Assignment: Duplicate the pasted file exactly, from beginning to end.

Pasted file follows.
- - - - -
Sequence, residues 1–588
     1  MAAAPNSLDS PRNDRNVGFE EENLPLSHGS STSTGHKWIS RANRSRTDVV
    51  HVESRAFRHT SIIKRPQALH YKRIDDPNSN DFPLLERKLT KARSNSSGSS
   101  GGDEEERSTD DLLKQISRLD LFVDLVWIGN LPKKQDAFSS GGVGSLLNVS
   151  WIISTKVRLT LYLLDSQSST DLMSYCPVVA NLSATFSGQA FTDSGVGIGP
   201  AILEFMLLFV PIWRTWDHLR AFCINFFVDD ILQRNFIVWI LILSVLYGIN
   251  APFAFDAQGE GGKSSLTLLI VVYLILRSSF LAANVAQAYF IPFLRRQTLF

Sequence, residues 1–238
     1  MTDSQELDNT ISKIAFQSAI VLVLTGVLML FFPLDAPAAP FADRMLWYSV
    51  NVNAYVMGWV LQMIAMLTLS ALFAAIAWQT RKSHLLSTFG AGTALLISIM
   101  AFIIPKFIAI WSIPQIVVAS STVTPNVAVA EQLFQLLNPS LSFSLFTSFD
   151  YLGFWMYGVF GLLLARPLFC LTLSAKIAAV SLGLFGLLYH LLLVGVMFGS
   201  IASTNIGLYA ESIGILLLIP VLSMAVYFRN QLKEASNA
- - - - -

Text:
Sequence, residues 1–588
     1  MAAAPNSLDS PRNDRNVGFE EENLPLSHGS STSTGHKWIS RANRSRTDVV
    51  HVESRAFRHT SIIKRPQALH YKRIDDPNSN DFPLLERKLT KARSNSSGSS
   101  GGDEEERSTD DLLKQISRLD LFVDLVWIGN LPKKQDAFSS GGVGSLLNVS
   151  WIISTKVRLT LYLLDSQSST DLMSYCPVVA NLSATFSGQA FTDSGVGIGP
   201  AILEFMLLFV PIWRTWDHLR AFCINFFVDD ILQRNFIVWI LILSVLYGIN
   251  APFAFDAQGE GGKSSLTLLI VVYLILRSSF LAANVAQAYF IPFLRRQTLF

Sequence, residues 1–238
     1  MTDSQELDNT ISKIAFQSAI VLVLTGVLML FFPLDAPAAP FADRMLWYSV
    51  NVNAYVMGWV LQMIAMLTLS ALFAAIAWQT RKSHLLSTFG AGTALLISIM
   101  AFIIPKFIAI WSIPQIVVAS STVTPNVAVA EQLFQLLNPS LSFSLFTSFD
   151  YLGFWMYGVF GLLLARPLFC LTLSAKIAAV SLGLFGLLYH LLLVGVMFGS
   201  IASTNIGLYA ESIGILLLIP VLSMAVYFRN QLKEASNA